Even, even if, even though, & even when
Many students have trouble with the word “even.” Here is how it should be used.
Even in the positive means “do the most surprising thing of.”
It goes after the verb “be” but before any other single verb. It goes between two verbs.
• He’s very talented, isn’t he? Did you know he even writes his own music?
• His daughter is even willing to move in and take care of him.
• He even has a signed portrait of the President.
• She can even stand on her head.
Even in the negative means “do the minimum thing of.“
• My grandfather can’t even put on his own socks anymore.
• They won’t even answer my phone calls.
• She couldn’t even look me in the eyes when she told me.
• Do you remember when you wouldn’t even jump off the low diving board?
Even also goes before a noun and means “also the surprising thing of” in the positive.
• Everything was red, even the icing on the cake.
• Even the president of the company was there to congratulate him.
• She brought everything with her, even her cat.
• That box isn’t so heavy. Even my grandmother could lift it.
Even in the negative before a noun means “the expected thing of.”
• Not even his own mother believed he was innocent.
• He never got sick, not even a cold.
• Not even the army could prevent the flood waters from entering the town.
• Our sailboat couldn’t move. There wasn’t even a mild wind.
Even if is used when a condition makes no difference in a decision. The condition that follows even if sounds like it would make the person change his mind, but it doesn’t.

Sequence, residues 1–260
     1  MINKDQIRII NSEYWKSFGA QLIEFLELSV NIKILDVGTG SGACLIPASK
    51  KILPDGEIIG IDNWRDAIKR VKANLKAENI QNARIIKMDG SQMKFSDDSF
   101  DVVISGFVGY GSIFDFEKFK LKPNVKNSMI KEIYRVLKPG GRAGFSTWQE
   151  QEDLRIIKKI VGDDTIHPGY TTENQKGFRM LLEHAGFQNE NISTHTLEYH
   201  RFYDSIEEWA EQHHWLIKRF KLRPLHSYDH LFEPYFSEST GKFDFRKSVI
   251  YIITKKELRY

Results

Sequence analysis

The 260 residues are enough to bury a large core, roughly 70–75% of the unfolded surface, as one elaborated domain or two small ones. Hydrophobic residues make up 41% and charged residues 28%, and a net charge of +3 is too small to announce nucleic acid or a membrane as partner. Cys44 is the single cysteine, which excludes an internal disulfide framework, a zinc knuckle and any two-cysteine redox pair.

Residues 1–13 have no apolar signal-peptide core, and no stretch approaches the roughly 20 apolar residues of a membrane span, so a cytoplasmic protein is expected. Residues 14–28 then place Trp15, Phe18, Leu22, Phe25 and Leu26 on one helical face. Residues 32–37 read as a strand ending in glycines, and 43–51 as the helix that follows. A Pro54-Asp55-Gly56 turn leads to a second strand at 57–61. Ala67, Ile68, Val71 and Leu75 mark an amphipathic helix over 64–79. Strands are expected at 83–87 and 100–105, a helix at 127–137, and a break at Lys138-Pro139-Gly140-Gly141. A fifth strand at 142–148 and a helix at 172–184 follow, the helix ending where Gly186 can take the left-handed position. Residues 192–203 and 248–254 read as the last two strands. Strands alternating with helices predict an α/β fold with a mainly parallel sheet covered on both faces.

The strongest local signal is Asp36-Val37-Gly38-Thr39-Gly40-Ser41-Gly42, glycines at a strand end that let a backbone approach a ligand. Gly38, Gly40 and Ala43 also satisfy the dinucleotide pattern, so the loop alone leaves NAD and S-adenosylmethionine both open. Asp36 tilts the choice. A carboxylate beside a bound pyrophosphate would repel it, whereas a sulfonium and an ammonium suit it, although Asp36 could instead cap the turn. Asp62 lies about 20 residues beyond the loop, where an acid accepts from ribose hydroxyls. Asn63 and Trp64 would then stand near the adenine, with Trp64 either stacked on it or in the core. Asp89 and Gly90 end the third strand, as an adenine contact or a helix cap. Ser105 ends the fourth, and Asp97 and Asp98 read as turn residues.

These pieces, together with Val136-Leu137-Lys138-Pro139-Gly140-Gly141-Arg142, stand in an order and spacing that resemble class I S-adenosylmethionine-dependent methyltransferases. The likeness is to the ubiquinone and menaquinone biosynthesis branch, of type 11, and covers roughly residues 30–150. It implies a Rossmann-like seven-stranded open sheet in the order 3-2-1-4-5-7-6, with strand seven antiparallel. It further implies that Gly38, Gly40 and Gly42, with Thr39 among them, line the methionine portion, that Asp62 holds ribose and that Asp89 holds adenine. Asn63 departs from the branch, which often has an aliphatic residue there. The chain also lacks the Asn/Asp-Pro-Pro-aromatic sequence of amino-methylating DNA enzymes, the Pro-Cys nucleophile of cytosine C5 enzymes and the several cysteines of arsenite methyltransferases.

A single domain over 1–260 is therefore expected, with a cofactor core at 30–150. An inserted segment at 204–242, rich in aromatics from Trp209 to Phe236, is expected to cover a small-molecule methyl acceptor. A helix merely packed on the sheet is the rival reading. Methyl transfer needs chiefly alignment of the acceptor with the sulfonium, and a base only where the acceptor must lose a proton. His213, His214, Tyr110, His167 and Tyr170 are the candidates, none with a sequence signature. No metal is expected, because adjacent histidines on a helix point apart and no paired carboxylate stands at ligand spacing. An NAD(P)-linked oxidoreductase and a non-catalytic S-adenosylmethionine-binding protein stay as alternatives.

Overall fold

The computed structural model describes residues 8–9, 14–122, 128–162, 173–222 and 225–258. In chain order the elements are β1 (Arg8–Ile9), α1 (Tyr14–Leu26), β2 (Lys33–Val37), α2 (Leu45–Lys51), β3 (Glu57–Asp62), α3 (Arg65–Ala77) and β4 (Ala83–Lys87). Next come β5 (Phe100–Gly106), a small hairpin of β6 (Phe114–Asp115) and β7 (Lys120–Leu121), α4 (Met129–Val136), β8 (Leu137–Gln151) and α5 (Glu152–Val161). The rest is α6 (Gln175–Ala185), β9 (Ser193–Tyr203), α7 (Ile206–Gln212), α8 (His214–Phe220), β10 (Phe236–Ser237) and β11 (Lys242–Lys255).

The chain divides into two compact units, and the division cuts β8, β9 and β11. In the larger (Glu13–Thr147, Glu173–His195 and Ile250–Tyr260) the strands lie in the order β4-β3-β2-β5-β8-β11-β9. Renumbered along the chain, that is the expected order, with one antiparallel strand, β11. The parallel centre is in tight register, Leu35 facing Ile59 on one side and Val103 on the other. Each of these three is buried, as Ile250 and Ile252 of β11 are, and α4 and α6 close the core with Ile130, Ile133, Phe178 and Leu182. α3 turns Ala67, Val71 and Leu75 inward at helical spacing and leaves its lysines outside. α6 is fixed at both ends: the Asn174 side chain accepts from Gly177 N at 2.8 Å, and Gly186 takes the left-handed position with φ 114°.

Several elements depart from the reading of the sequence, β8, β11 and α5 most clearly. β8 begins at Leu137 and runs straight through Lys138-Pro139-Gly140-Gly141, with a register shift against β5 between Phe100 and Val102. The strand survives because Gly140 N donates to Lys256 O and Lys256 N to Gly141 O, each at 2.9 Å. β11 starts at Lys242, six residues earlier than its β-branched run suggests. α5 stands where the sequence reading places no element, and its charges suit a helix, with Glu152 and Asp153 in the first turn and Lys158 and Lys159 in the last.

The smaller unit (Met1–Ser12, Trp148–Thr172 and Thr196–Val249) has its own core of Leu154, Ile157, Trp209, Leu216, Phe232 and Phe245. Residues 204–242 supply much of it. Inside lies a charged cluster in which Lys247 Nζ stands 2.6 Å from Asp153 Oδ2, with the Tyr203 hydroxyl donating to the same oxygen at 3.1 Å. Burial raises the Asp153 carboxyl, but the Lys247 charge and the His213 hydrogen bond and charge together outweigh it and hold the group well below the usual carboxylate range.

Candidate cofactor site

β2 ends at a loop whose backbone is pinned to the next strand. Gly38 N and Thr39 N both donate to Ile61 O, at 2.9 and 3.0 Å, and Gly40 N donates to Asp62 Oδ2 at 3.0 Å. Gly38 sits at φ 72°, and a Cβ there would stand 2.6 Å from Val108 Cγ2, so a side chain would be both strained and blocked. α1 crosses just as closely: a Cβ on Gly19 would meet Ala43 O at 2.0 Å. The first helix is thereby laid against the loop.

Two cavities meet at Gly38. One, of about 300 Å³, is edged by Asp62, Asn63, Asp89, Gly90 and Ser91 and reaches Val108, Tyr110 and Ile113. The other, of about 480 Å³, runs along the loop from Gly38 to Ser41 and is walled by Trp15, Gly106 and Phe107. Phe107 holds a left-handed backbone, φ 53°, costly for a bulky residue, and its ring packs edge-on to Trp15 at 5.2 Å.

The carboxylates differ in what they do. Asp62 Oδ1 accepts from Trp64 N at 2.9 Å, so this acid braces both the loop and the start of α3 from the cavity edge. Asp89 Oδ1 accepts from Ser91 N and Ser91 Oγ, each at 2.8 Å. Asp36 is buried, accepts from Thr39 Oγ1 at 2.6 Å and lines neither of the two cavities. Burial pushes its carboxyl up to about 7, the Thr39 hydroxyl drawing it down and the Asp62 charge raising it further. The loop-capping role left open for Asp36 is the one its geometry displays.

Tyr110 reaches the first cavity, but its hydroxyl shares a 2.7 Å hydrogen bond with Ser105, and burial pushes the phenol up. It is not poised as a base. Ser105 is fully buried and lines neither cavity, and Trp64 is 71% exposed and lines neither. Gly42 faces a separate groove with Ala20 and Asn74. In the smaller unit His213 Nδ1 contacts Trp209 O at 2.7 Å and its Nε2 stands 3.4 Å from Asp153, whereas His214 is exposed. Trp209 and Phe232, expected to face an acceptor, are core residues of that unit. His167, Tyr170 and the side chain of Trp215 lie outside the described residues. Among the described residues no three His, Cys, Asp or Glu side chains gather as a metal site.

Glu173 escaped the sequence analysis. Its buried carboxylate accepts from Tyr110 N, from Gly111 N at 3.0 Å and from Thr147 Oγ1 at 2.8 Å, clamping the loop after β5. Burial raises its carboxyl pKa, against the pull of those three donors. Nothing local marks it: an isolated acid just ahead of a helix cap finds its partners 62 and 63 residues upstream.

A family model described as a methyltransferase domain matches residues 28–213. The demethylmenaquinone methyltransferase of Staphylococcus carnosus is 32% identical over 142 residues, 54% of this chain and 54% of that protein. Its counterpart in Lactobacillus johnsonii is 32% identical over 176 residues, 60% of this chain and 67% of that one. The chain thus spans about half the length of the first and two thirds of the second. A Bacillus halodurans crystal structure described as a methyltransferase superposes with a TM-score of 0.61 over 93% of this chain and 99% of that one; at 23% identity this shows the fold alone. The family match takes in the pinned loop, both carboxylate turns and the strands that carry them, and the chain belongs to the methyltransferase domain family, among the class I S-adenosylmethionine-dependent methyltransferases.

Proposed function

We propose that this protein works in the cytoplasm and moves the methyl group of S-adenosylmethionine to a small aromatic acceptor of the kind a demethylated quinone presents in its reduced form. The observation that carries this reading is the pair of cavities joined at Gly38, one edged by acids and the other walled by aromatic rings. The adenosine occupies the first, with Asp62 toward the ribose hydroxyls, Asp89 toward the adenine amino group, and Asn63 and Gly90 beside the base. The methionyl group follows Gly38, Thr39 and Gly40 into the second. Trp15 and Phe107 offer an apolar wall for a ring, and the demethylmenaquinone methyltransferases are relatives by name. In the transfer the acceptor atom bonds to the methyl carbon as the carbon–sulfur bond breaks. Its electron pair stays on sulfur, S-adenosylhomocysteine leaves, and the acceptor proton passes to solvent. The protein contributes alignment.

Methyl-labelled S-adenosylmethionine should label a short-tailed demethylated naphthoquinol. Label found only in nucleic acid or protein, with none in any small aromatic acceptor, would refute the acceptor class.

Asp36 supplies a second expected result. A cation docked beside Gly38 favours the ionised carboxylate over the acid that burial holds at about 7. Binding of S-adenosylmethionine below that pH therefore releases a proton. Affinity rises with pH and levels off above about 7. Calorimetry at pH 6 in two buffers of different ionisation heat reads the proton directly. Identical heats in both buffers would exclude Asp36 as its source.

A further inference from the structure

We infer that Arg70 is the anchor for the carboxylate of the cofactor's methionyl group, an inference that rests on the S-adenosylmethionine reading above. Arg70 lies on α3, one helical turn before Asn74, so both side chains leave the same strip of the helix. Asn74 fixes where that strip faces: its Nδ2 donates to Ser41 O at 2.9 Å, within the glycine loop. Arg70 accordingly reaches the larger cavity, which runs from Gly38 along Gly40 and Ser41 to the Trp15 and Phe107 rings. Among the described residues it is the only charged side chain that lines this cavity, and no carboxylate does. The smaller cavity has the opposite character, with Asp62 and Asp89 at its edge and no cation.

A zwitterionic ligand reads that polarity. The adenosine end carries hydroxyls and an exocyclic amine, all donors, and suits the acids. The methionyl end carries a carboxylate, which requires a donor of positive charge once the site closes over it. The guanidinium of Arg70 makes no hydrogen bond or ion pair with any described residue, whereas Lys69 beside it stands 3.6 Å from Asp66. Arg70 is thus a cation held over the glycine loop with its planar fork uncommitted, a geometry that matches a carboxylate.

• Even if the thief were my brother, I would still call the police.
(I would call the police no matter who the thief was.)
• I don’t want to go for a bike ride even if it stops raining and the sun comes out.
(It doesn’t matter what the weather is like, I don’t want to go for a bike ride.)
• They want to go to Las Vegas even if they have to put it on a credit card.
(It doesn’t matter how they are going to pay for it, they want to go to Las Vegas.)
• Even if we apply today, our passports won’t come in time for her wedding.
(It doesn’t matter if we apply today, our passports won’t come in time for her wedding.)
Even though is used before a fact that would seem to make a result harder to.
• Even though he was short and stout, all the women seemed to like him.
• She passed the exam even though she hadn’t had much time to study.
• Even though snow covered the ground, it wasn’t a very cold day.
• My grandfather is in great physical shape even though he’s close to ninety years old.
Even when is used before a time that would seem to make something not true, but it’s still true.
• Even when he was a boy, he was taller than anyone else his age.
(He’s been taller than others all his life, even as a boy.)
• She wears the earrings he gave her even when she is sleeping.
(Not even sleeping would make her take the earrings off.)
• Even when I stay up late, I’m not tired the following day.
(Not even staying up late makes me tired the following day.)
• She never stops talking even when she’s eating.
(Not even eating makes her stop talking.)
© 2013 Ambien Malecot